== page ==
The Red Record Quotes

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The Red Record The Red Record by Ida B. Wells-Barnett
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The Red Record Quotes Showing 1-17 of 17
“If Southern white men are not careful, they will overreach themselves and public sentiment will have a reaction; a conclusion will then be reached which will be very damaging to the moral reputation of their women.”
Ida B. Wells-Barnett, The Red Record
“Burning and torture here lasts but a little while, but if I die with a lie on my soul, I shall be tortured forever. I am innocent.”
Ida B. Wells-Barnett, The Red Record
“Virtue knows no color line, and the chivalry which depends upon complexion of skin and texture of hair can command no honest respect.”
Ida B. Wells-Barnett, The Red Record
“In nearly all communities wife beating is punishable with a fine, and in no community is it made a felony.”
Ida B. Wells-Barnett, The Red Record
“Not only is it true that many of the alleged cases of rape against the Negro, are like the foregoing, but the same crime committed by white men against Negro women and girls, is never punished by mob or the law. A leading journal in South Carolina openly said some months ago that “it is not the same thing for a white man to assault a colored woman as for a colored man to assault a white woman, because the colored woman had no finer feelings nor virtue to be outraged!” Yet colored women have always had far more reason to complain of white men in this respect than ever white women have had of Negroes.”
Ida B. Wells-Barnett, The Red Record
“LYNCHED BECAUSE THE JURY ACQUITTED HIM The entire system of the judiciary of this country is in the hands of white people. To this add the fact of the inherent prejudice against colored people, and it will be clearly seen that a white jury is certain to find a Negro prisoner guilty if there is the least evidence to warrant such a finding. Meredith Lewis was arrested in Roseland, La., in July of last year. A white jury found him not guilty of the crime of murder wherewith he stood charged.”
Ida B. Wells-Barnett, The Red Record
“Lee Walker, colored man, accused of raping white women, in jail here, will be taken out and burned by whites tonight. Can you send Miss Ida Wells to write it up?”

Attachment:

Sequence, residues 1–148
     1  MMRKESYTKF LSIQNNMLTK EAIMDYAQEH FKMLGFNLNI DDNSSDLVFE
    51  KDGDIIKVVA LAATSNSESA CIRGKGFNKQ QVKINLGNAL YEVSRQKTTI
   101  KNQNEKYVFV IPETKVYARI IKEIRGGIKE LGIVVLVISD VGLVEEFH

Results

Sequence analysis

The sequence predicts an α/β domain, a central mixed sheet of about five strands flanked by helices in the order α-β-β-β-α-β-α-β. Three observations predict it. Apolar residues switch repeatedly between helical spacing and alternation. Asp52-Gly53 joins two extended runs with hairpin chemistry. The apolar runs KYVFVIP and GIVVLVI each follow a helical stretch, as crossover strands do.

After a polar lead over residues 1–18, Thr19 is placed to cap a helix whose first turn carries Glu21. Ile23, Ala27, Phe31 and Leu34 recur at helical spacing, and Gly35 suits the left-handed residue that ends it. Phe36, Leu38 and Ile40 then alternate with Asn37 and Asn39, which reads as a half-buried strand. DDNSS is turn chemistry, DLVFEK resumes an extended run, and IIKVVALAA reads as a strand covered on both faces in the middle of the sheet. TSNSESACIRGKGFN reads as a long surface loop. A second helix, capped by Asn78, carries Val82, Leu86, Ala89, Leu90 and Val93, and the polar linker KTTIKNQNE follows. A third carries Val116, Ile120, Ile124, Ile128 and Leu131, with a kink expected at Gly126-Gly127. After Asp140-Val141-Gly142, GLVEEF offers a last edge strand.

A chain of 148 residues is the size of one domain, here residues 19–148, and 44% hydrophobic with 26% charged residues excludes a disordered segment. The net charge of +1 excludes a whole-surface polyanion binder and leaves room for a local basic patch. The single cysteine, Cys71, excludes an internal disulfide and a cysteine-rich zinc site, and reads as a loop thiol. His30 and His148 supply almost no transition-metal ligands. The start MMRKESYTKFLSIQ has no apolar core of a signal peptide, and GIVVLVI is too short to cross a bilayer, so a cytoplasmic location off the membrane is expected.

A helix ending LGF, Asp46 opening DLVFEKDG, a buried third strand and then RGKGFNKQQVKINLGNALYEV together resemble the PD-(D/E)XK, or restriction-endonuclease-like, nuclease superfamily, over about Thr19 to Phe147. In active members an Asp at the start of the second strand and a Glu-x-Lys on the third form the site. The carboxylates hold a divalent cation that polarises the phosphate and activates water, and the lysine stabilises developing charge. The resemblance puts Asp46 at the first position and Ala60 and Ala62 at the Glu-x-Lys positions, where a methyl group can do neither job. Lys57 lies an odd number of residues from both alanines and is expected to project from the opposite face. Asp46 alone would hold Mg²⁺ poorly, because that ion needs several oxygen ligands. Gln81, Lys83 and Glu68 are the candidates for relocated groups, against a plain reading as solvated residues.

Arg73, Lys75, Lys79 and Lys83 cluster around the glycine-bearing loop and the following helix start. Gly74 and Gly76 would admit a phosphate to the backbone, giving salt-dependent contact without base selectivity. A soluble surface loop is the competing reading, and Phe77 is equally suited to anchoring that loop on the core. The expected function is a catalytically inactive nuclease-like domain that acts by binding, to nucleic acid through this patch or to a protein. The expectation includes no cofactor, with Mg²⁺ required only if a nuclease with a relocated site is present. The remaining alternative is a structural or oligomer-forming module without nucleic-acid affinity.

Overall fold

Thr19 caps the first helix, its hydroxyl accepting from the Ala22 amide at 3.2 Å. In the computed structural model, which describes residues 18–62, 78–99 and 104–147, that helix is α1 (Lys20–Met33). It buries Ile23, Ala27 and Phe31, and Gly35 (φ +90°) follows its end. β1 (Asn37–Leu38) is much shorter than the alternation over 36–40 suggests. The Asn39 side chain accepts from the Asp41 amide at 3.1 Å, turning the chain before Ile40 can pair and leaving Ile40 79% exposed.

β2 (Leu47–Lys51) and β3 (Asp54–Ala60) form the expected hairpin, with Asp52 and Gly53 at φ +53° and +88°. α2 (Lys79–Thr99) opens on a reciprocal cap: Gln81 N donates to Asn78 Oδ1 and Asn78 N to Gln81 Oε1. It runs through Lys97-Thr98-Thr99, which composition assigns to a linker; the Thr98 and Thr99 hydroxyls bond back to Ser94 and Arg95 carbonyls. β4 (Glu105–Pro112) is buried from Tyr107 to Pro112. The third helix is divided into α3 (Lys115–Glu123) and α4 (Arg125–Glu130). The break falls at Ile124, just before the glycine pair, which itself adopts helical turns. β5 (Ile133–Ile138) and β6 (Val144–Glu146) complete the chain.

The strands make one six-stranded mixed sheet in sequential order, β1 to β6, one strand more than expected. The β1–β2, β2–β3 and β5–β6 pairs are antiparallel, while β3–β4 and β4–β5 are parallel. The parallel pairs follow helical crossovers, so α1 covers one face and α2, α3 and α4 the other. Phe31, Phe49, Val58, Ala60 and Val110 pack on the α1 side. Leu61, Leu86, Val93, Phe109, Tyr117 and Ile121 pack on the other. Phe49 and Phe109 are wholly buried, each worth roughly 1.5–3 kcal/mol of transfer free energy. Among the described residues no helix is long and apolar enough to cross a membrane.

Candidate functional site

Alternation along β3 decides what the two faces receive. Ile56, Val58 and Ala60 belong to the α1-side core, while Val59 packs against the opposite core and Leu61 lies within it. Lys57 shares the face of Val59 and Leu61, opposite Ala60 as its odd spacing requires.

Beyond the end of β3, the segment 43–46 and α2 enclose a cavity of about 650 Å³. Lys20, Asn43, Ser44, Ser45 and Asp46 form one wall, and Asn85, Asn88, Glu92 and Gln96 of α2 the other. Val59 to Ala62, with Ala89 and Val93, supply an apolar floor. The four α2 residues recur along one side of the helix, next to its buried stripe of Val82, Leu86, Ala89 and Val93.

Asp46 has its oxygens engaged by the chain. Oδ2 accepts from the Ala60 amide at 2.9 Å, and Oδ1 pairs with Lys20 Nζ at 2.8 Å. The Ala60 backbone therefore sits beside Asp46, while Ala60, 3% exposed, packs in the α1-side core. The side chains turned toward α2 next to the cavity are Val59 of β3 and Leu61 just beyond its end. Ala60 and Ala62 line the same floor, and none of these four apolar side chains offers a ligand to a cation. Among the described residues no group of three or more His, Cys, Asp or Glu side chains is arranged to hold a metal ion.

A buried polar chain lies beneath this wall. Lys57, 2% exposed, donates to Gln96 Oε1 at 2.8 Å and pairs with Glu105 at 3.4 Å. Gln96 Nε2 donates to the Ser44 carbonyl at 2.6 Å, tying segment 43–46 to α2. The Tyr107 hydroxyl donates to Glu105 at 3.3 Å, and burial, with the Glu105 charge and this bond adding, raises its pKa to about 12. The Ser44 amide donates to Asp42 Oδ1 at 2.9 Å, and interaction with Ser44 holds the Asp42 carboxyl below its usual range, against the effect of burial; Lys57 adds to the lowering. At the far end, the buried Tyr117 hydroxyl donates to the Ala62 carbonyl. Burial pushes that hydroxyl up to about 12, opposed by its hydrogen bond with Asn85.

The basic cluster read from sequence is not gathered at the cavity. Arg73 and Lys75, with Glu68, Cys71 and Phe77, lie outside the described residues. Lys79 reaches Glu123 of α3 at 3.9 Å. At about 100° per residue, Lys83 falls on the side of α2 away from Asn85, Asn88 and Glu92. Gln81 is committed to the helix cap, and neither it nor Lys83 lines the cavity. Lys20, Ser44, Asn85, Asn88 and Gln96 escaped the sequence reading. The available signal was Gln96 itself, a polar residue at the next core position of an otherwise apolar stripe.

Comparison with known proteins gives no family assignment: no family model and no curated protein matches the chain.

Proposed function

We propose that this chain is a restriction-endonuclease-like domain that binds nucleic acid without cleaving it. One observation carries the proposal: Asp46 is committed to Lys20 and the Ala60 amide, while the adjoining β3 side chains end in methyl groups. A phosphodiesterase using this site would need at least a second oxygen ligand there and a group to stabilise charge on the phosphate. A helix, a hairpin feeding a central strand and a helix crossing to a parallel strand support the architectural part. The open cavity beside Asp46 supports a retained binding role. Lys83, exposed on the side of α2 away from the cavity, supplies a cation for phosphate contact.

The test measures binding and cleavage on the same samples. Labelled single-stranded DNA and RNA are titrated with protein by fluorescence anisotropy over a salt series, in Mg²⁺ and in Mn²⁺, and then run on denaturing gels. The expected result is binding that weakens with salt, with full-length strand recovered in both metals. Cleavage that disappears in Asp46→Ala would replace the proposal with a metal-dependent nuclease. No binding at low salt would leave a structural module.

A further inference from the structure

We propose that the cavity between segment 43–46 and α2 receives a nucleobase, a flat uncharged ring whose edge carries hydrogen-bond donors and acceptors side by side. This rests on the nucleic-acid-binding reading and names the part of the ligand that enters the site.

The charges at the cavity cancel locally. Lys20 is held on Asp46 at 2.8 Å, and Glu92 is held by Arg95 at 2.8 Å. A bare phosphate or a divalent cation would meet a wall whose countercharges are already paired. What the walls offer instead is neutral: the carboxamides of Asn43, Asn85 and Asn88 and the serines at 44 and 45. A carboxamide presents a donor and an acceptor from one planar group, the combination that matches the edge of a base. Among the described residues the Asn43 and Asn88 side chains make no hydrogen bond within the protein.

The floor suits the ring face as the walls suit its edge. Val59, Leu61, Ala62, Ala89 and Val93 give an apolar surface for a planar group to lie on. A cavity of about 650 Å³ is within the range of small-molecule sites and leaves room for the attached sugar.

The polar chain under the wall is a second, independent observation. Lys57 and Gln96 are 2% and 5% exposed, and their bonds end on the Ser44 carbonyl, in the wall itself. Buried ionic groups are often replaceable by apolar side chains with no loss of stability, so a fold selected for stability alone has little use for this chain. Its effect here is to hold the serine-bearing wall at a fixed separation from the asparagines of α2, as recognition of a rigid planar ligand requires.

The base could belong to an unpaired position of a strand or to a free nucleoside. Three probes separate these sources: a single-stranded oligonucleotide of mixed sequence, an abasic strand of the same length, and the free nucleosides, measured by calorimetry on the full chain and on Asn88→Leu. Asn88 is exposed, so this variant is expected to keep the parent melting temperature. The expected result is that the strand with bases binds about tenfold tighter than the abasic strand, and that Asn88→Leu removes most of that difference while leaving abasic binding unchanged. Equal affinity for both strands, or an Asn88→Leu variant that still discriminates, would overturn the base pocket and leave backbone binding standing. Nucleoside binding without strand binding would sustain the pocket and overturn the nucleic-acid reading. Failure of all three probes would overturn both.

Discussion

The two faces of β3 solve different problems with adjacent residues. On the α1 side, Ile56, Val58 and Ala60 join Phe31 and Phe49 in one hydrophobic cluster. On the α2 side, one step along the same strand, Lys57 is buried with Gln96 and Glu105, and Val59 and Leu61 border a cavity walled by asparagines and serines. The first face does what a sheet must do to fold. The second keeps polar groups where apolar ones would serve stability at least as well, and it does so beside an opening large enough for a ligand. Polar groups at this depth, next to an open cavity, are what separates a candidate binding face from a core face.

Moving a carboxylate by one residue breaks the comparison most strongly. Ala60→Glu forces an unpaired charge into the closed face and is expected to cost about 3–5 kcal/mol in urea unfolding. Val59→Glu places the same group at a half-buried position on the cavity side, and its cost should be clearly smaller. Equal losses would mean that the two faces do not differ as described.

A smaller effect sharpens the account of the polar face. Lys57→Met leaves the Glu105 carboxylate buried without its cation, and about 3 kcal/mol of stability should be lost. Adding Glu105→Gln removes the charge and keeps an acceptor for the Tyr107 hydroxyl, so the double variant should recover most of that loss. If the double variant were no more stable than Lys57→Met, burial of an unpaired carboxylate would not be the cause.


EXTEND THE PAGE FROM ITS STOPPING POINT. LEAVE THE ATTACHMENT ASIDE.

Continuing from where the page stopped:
Ida B. Wells-Barnett, The Red Record
“The shorter Negro stood gazing at the horrible death of his brother without flinching. Five minutes later he was also hanged.”
Ida B. Wells-Barnett, The Red Record
“There can be no possible belief that these people were inspired by any consuming zeal to vindicate God’s law against miscegenationists of the most practical sort. The woman was a willing partner in the victim’s guilt, and being of the “superior” race must naturally have been more guilty.”
Ida B. Wells-Barnett, The Red Record
“The colored race multiplies like the locusts of Egypt.”
Ida B. Wells-Barnett, The Red Record
“LYNCHING STATES Mississippi, 15; Arkansas, 8; Virginia, 5; Tennessee, 15; Alabama, 12; Kentucky, 12; Texas, 9; Georgia, 19; South Carolina, 5; Florida, 7; Louisiana, 15; Missouri, 4; Ohio, 2; Maryland, 1; West Virginia, 2; Indiana, 1; Kansas, 1; Pennsylvania, 1.”
Ida B. Wells-Barnett, The Red Record
“(Lynched for Wife Beating) In nearly all communities wife beating is punishable with a fine, and in no community is it made a felony. Dave Jackson, of Abita, La., was a colored man who had beaten his wife. He had not killed her, nor seriously wounded her, but as Louisiana lynchers had not filled out their quota of crimes, his case was deemed of sufficient importance to apply the method of that barbarous people. He was in the custody of the officials, but the mob went to the jail and took him out in front of the prison and hanged him by the neck until he was dead. This was in Nov. 1893.”
Ida B. Wells-Barnett, The Red Record
“LYNCHED FOR NO OFFENSE Perhaps the most characteristic feature of this record of lynch law for the year 1893, is the remarkable fact that five human beings were lynched and that the matter was considered of so little importance that the powerful press bureaus of the country did not consider the matter of enough importance to ascertain the causes for which they were hanged.”
Ida B. Wells-Barnett, The Red Record
“ASKING WHITE WOMAN TO MARRY HIM May 23, William Brooks, Galesline, Ark.”
Ida B. Wells-Barnett, The Red Record
“Then these lynchers went quietly away and the bodies of the woman and three men were taken out and buried with as little ceremony as men would bury hogs.”
Ida B. Wells-Barnett, The Red Record
“Negro, and also that which was used to lead him from the jail, were eagerly sought by relic hunters. They almost fought for a chance to cut off a piece of rope, and in an incredibly short time both ropes had disappeared and were scattered in the pockets of the crowd in sections of from an inch to six inches long. Others of the relic hunters remained until the ashes cooled to obtain such ghastly relics as the teeth, nails, and bits of charred skin of the immolated victim of his own lust.”
Ida B. Wells-Barnett, The Red Record
“for all victims of the terrible injustice which puts men and women to death without form of law. During the year 1894, there were 132 persons executed in the United States by due form of law, while in the same year, 197 persons were put to death by mobs who gave the victims no opportunity to make a lawful defense.”
Ida B. Wells-Barnett, The Red Record